Carol Creek a spiritual director at River’s Edge, a center for contemplation and action in Cleveland, Ohio, had worked alongside her colleague for several years. She was there to celebrate with Judy and her husband, Phil Cannato, when Judy’s writings on the relationship between science and spirituality were published by Ave Maria Press, beginning with “Quantum Grace Lenten Reflections “in 2003

New Eco Catholic blog co-editor


Beginning this week, we have a new co-editor and contributor for the Eco Catholic blog. Carol Meyer returns to full-time work as executive director of the Sustainable Sanctuary Coalition. Journalist Sharon Abercrombie replaces her as co-editor and chief contributor, along with Rich Heffern.

Sharon Abercrombie has covered the environment, spirituality, women’s issues, animal rights and social justice for many newspapers, including the Columbus Ohio Citizen-Journal, the Columbus Catholic Times, the Oakland Catholic Voice, and Catholic San Francisco. She was assistant editor for EarthLight Magazine, the interfaith journal of eco-spirituality. She is a graduate of the Institute in Culture and Creation Spirituality at Holy Names University in Oakland, Calif.

She has been a long-time contributor to The National Catholic Reporter. Her most recent article appeared in our special issue on ecology in April 2010 on the Canadian tar sands oil extraction and how churches there are trying to deal with the devastation.

The geologians: Stalking the divine in the real


When Fr. Thomas Berry exhorted us to put the Bible on the shelf for about 20 years, Berry was not showing disrespect to the scripture, but rather trying to get us to see, before it’s too late, that God’s revelation is also in our midst. The world is not an expendable backdrop to some remote salvation drama. God is here and now. Every bush is burning. God has been at work for billions of years everywhere in the processes of creation that are still going on.

The butterfly and me


Providing hospice care for a wounded butterfly had not been on my supermarket shopping list that day. But then, Sophia Wisdom needed to get my attention, somehow. The back story: I was longing to study for my master’s degree in the creation spirituality program Matthew Fox had created at Holy Names College in Oakland, but didn’t see how I could financially manage moving to California.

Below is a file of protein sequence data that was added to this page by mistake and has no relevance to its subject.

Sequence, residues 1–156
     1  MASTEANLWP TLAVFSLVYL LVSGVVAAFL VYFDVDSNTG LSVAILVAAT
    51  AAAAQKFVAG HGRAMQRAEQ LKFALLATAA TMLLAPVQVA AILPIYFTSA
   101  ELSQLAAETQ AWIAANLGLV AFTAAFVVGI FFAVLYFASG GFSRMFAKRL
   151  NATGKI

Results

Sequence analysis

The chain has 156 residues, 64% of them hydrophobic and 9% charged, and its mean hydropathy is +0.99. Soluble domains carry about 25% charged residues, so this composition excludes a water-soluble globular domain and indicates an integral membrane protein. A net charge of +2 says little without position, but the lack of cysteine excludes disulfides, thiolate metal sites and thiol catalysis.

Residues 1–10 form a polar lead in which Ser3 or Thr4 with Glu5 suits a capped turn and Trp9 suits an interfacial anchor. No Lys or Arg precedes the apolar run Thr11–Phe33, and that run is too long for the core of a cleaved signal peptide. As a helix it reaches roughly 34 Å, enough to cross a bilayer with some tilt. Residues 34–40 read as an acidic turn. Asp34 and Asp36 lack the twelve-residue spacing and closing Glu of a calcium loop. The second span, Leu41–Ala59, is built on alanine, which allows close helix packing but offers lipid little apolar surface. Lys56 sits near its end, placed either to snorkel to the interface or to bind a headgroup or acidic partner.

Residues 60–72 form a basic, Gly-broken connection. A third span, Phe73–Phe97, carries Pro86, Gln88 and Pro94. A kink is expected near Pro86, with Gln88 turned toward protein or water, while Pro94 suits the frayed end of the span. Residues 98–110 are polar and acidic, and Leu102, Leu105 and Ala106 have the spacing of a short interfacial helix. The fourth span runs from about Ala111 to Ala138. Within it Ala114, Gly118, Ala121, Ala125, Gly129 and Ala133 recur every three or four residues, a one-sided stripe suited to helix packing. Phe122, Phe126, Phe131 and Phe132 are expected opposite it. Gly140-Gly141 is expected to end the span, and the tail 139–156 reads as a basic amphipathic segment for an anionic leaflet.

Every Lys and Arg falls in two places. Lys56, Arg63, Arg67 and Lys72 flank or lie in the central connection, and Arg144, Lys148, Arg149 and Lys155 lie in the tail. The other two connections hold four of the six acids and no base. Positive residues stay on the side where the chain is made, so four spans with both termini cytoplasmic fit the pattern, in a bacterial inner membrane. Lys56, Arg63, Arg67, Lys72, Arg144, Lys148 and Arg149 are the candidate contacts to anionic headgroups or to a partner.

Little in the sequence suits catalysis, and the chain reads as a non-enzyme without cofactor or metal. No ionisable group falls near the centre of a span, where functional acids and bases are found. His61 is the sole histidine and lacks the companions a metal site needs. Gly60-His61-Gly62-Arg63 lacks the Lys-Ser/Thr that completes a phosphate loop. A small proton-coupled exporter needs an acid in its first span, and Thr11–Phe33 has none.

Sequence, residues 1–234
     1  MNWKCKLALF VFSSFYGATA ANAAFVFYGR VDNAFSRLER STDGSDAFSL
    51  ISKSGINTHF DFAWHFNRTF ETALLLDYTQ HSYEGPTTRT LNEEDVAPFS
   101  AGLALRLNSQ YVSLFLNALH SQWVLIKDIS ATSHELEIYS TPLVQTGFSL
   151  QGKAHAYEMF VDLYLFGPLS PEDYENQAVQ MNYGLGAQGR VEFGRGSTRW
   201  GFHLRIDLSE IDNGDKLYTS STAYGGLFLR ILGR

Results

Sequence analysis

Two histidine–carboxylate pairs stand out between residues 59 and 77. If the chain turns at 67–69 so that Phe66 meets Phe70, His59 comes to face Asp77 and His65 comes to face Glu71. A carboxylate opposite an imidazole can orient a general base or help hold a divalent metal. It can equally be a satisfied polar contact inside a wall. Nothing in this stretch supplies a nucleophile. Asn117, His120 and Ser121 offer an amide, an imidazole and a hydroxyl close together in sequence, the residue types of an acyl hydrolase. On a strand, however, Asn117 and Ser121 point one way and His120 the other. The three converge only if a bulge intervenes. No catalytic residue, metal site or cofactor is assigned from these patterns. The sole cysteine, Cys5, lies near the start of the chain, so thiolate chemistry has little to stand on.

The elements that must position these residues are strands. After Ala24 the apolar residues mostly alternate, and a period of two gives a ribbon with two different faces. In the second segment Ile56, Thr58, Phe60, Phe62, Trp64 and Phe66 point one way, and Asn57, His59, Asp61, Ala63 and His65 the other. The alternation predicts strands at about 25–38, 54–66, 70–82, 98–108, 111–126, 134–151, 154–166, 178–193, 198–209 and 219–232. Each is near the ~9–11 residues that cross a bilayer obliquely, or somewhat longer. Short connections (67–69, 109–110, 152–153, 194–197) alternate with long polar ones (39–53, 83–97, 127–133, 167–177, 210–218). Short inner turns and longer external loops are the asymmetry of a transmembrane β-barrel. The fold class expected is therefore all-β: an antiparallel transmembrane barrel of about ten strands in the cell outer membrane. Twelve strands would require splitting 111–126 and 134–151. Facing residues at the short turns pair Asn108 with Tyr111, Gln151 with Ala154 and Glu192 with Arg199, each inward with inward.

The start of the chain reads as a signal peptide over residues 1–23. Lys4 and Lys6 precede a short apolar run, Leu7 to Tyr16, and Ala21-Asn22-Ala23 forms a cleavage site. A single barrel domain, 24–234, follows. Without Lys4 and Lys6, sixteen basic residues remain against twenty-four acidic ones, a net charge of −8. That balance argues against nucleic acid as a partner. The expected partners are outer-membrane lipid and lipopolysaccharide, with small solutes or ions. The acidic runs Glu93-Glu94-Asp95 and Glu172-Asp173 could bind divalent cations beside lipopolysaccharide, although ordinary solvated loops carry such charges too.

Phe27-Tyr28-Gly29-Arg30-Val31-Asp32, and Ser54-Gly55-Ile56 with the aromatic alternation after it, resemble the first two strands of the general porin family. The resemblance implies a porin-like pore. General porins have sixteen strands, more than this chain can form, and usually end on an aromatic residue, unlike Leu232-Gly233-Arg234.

That afternoon my mood matched the sultry Midwest Ohio weather – I was dripping outside with copious sweat, and inside with teary sadness.

Not for long. It’s amazing how swiftly the vision of a vibrant orange Monarch butterfly lying on the steaming asphalt of a shopping center parking lot can serve as an energizing distraction. The butterfly was languishing near the left rear wheel of my car. Her right wing was split. She couldn’t fly. I picked her up.

Paper or plastic?


The Zen Buddhist tradition often makes use of the koan, a pithy question or dilemma that is posed by a master to the aspiring student.

The most famous example of a koan is “What is the sound of one hand clapping?” but there are many more: “What was your original face before you were born?” “Has a dog the Buddha nature?” The aim of the koan is to produce a short-circuit in the mind and spirit of the aspirant that leads to new insights or even to qualitatively different ways of understanding or experiencing the world. The mind is startled out of its usual sluggishness by the koan into a more alert perception.

'The Tree of Life' asks 'Who are we to You?'


Terrence Malick’s new film, “The Tree of Life,” is at once a wide-ranging meditation, an elegaic cinematic rendering of what it’s like to be a child, and a litany of sounds and images of humankind, nature and, incredibly, the Earth’s beginnings. It opens with the ultimate rank-pulling quote from the end of the Book of Job: “Where were you when I laid the foundations of the Earth? Tell me, if you have understanding.”


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In This Issue

February 27- March 12, 2015